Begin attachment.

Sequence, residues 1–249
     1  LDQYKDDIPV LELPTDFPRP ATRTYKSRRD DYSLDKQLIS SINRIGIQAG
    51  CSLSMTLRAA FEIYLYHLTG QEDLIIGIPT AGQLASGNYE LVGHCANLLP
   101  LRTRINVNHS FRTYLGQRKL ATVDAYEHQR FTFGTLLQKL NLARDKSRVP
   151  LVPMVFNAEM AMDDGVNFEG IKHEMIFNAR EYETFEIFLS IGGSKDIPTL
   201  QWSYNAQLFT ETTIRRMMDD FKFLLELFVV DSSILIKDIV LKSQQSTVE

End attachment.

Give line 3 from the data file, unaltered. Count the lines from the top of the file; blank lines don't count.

    51  CSLSMTLRAA FEIYLYHLTG QEDLIIGIPT AGQLASGNYE LVGHCANLLP